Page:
A technique for crystallizing polylactide (PLA) biopolymer trays to make them more heat resistant was disclosed in a recent patent application by NatureWorks LLC, Minnetonka, Minn.
A new grade of polylactic acid (PLA) biopolymer for injection molding offers higher flow than previous grades for easier injection molding of thin-wall parts.
Bioplastics were initially created for single-use applications like packaging and hotel key and gift cards.
Up to now, the number-one biopolymer in commercial use, polylactic acid or PLA, has been available mainly from one supplier and in a limited range of varieties. But there appear to be a number of new sources waiting in the wings, who are preparing a profusion of new PLA variants—copolymers, alloys, “engineering” PLA and even “do-it-yourself” PLA.
Plastics are going “green,” but they will need some help to get there. Biodegradable polymers derived from renewable resources are attracting lots of interest and publicity, but that enthusiasm is counterbalanced by persistent questions of availability, cost, performance, and processability. All these issues are inter-related: Increasing demand will lead to more capacity, which will presumably lead to lower prices. But the foundation is market demand, which ultimately depends on whether biopolymers will have the performance properties and processability to compete with existing non-renewable plastics.
A high-cavitation hot-runner system designed specifically for molding bottle preforms of biodegradable polylactide (PLA) resins is offered by Husky Injection Molding Systems Ltd., Bolton, Ont.
Major chemical companies are investing big bucks in new plants and technologies to produce plastics from annually renewable sources, not from petrochemicals.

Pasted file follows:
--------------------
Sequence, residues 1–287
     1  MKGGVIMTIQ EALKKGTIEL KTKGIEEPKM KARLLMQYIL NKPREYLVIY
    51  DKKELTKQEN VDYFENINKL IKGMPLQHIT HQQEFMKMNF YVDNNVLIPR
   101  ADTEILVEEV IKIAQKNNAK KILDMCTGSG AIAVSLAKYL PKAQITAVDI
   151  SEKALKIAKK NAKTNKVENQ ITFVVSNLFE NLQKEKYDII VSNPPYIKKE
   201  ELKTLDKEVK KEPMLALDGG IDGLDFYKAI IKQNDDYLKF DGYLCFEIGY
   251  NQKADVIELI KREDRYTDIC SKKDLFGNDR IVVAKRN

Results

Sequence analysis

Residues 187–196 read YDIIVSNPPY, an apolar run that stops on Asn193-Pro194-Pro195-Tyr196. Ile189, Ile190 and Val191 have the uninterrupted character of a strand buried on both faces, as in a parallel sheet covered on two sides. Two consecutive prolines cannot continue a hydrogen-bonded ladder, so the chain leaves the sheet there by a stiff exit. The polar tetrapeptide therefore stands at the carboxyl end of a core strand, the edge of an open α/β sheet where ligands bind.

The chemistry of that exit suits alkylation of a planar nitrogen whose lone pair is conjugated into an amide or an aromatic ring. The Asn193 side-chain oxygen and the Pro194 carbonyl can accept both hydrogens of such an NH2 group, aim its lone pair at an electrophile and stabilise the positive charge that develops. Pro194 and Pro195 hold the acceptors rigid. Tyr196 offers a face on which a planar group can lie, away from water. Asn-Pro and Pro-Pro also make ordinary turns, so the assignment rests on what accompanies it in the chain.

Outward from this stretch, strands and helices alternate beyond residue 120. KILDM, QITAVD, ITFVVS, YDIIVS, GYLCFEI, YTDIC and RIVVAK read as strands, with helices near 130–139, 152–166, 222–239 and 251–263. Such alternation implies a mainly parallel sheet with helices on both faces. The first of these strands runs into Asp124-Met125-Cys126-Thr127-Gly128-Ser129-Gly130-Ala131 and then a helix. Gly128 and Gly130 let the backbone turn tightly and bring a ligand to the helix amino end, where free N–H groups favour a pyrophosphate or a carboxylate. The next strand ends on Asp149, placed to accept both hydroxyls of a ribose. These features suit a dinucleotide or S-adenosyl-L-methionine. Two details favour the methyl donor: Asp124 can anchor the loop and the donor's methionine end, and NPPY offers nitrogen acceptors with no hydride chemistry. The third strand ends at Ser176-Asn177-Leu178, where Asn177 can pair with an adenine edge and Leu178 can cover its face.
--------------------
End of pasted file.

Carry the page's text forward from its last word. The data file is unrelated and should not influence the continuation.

Foamed food trays made of polylactic acid (PLA) resin, the corn-based biopolymer, have a commercial toehold in Europe and are undergoing market tests here.
More resin makers are joining the action in biopolymers made from renewable resources.
A new line of bioplastic sheet products from Spartech Corp., Clayton, Mo., is made of polylactic acid (PLA) resin from NatureWorks LLC, Minnetonka, Minn.
Injection-blow molded PLA bottles made by Alpha Packaging, St.
High expectations for biopolymers— an emerging class of materials derived at least in part from biological activity—are being tempered by the realities of the marketplace.
Plastics made from renewable carbon chains, not fossil carbon from oil or gas, are suddenly a solid commercial reality. The draw isn’t just “green” marketing, but the “green” of stable prices not linked to petrochemicals.
The industry's first shrink labels made of biodegradable polylactic acid (PLA) film have been introduced by Gilbreth Packaging, Croydon, Pa.
Wal-Mart Stores, Inc., Bentonville, Ark., has begun a program to urge its suppliers to reduce the amounts of packaging and to use more recycled materials in packaging.
Plastic Suppliers Inc. in Columbus, Ohio, last spring began producing the first cast and tentered TDO shrink film made of corn-based PLA (polylactic acid) from NatureWorks LLC, Minnetonka, Minn.
Recent news testifies to growing momentum for biopolymers derived from corn by bacterial fermentation: --As reported on p. 22, DuPont Co., Wilmington, Del., is developing engineering thermoplastics and TPEs derived in part from fermented corn sugar. --Mazda Motor Corp., Tokyo, and a Japanese consortium of other companies, universities, and research institutes developed a heat-resistant plastic consisting of 88% corn-based polylactic acid (PLA) and 12% petroleum-derived materials.
With oil prices high, compostable polylactic acid (PLA) from NatureWorks LLC in Minnetonka, Minn., doesn't look so expensive anymore.
NatureWorks LLC, Minnetonka, Minn., is exploring several barrier technologies including multilayer structures, coatings, and additives to improve the shelf-life performance of its polylactic acid (PLA) resins.
Polylactic acid, first synthesized a half-century ago, has finally arrived as an alternative to PET, HIPS, PVC, and cellulosics in some high-clarity packaging roles.